Cuts to drug and alcohol treatment could send more addicts to California prisons

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AP Photo

California Gov Arnold Schwarzenegger, second from left, tours a prison with officials, Tuesday, March 6, 2007, in Norco, Calif.

The California State Assembly held a special hearing today in Sacramento on budget cuts for addiction treatment programs. The hearing looked at how those cuts will affect public safety.

The non-profit Drug Policy Alliance estimates that 10 percent of Californians abuse drugs or alcohol.

Addiction can lead some to crime to support a habit.

About 30,000 addicts are serving prison time for drug possession.

Judge Stephen Manley says they shouldn’t be there.

"Everyone comes back to the community after they get out of prison" Manley said. "Instead of having them come back without jobs, without treatment, without their medications, we should continue to treat them in the community."

The Superior Court judge runs the drug court in Santa Clara County. The court monitors 7,000 offenders sentenced to treatment instead of jail.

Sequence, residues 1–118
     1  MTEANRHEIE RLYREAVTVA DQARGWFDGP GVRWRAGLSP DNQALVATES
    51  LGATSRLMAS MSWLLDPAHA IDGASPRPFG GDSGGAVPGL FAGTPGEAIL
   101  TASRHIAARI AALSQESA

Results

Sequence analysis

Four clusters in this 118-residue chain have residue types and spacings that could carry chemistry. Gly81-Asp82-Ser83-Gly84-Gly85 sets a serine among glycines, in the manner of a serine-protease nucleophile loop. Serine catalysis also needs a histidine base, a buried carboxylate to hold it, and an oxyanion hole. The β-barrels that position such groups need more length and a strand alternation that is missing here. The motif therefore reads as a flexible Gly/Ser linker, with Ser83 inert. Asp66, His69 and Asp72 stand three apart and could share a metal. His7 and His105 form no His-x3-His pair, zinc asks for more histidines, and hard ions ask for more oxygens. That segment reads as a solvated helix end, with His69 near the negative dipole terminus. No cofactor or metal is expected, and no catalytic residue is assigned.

A decade ago, drug offenders comprised 30 percent of Santa Clara County’s jail population. That’s down to 18 percent today.

But Judge Manley says recent cuts in state funding sliced away half the slots in offender rehab programs.

"That means long lists and the inability to get offenders into treatment and a difficult time keeping them in treatment." Manley said.

That also increases the chance that addicts will wind up in state prison. And inside prison, few addicts can get the help they need to kick a drug habit.

Cuts that lawmakers enacted last year mean Corrections and Rehabilitation can treat only 8,500 inmates this year.

That’s a fraction of the tens of thousands of inmate addicts.

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